The message tells the cell to make part of one of the virus’s proteins which then alerts the body’s immune system. Once invented, the thing is like a general-purpose vaccine. You simply rewrite the message between the same opening and closing sequences, put it in the same kind of bubble, and fire it off — almost as easy for genetic engineers these days as writing a text is for teenagers. It is faster, cheaper, safer and simpler than the old ways of making vaccines.
More conventional vaccine designs may still make a vital contribution to defeating the pandemic, Oxford’s included. And the messenger method has its drawbacks, such as the need for extreme cold storage. But in the long run, messengers probably represent the future of vaccines. Now the principle has been approved by regulators, there may be no need to go through the same laborious and expensive three-phase clinical trials every time. Faced with a truly lethal pandemic — with a 10 per cent mortality rate, say — the vanishingly small likelihood that a new messenger vaccine would be unsafe pales into insignificance. You could deploy it in weeks or days.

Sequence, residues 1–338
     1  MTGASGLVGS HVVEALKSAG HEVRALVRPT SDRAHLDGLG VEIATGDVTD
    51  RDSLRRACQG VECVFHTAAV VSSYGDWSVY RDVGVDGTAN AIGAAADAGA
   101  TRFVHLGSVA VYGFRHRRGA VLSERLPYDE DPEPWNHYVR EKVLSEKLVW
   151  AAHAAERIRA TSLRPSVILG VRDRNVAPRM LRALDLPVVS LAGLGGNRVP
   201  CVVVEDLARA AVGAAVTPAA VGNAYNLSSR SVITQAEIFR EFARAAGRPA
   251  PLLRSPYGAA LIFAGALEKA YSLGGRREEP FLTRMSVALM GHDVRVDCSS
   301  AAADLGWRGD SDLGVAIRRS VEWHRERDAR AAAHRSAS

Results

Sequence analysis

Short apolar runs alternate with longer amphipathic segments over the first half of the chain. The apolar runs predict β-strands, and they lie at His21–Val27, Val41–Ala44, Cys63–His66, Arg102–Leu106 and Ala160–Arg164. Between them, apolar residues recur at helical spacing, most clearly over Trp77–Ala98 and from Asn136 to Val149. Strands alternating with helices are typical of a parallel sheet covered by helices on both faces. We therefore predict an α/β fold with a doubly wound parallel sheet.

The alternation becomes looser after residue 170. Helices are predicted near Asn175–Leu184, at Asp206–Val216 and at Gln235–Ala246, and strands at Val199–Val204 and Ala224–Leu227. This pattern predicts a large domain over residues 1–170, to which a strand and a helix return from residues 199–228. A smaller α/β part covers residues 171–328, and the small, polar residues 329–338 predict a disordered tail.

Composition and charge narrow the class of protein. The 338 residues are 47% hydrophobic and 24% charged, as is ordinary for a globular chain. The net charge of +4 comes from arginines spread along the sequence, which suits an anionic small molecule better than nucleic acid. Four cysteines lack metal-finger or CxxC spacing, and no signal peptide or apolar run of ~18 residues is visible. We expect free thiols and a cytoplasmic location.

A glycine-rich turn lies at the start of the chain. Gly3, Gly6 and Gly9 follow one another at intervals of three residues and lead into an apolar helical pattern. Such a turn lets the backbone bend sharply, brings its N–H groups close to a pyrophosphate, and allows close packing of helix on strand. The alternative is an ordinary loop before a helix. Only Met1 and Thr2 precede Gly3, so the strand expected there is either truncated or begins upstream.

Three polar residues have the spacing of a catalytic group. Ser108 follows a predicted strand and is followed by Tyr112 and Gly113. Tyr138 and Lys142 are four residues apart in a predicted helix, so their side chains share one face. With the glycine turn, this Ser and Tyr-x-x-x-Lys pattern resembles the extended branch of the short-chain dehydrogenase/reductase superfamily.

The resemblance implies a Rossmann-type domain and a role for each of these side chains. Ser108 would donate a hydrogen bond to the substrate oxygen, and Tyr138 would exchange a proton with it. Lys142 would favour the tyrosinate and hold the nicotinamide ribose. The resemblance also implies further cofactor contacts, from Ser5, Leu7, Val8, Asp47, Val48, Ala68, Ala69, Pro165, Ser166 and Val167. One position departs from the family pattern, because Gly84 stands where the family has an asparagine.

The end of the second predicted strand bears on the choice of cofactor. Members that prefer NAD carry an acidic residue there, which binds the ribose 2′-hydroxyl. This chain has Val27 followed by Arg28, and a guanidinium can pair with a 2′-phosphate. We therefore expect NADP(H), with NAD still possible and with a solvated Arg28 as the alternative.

What is more, at the cost of a few billion dollars, the world may now be able to build a library of messenger vaccines for every plausible coronavirus and influenza virus with pandemic potential we can find, test them in animals and store the recipes on a hard disk, ready to go at a moment’s notice. Moderna’s vaccine was first synthesised in mid-January, before we even knew the coronavirus was coming out of China.